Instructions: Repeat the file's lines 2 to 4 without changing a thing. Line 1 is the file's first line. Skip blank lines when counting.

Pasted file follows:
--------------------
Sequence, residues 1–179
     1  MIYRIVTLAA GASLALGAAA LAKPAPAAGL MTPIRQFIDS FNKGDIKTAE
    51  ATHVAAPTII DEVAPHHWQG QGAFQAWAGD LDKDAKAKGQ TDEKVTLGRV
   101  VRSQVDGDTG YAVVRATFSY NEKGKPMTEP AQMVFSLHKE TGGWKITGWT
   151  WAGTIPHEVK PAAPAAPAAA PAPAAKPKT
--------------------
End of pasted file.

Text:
     1  MIYRIVTLAA GASLALGAAA LAKPAPAAGL MTPIRQFIDS FNKGDIKTAE
    51  ATHVAAPTII DEVAPHHWQG QGAFQAWAGD LDKDAKAKGQ TDEKVTLGRV
   101  VRSQVDGDTG YAVVRATFSY NEKGKPMTEP AQMVFSLHKE TGGWKITGWT